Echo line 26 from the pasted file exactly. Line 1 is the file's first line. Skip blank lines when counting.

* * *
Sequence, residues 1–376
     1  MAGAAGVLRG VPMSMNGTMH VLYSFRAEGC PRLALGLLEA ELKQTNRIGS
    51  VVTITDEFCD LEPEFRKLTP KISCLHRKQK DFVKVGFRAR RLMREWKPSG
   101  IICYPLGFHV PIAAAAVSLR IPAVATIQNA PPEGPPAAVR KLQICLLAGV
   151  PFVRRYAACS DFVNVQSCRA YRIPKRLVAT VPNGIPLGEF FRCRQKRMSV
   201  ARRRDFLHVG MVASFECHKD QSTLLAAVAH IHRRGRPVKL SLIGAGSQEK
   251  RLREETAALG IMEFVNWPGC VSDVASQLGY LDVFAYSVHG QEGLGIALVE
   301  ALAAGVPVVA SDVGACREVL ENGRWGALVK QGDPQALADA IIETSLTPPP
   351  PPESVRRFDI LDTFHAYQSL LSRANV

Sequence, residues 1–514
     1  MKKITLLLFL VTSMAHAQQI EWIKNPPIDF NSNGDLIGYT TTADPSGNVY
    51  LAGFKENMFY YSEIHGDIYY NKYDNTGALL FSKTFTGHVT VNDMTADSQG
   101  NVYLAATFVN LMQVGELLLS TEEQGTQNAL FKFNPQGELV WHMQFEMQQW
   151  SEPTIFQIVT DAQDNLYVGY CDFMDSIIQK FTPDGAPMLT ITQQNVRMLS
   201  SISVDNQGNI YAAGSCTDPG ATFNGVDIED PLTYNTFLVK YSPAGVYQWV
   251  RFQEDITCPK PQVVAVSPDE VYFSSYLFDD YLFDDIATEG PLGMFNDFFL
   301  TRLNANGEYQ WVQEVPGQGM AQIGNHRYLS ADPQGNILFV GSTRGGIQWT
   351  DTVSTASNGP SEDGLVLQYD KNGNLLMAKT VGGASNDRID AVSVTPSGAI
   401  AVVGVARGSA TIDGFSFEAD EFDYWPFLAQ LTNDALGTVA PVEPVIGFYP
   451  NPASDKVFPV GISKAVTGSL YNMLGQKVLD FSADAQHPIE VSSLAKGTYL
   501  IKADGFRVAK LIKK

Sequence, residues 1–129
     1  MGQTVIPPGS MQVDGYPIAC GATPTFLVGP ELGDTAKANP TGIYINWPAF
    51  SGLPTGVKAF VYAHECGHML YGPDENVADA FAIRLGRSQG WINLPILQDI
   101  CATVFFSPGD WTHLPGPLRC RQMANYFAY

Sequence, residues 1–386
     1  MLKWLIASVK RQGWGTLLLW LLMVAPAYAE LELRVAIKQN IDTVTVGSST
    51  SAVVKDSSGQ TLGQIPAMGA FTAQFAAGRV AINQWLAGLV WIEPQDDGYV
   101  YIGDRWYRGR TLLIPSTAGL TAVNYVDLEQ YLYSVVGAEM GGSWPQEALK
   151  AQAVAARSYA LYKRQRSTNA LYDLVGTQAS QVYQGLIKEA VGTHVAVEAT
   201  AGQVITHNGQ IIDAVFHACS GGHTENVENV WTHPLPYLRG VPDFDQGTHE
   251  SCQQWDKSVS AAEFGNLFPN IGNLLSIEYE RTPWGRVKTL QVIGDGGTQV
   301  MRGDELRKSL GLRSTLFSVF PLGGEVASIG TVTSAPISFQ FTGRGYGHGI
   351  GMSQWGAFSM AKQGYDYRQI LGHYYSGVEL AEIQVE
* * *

Sequence, residues 1–386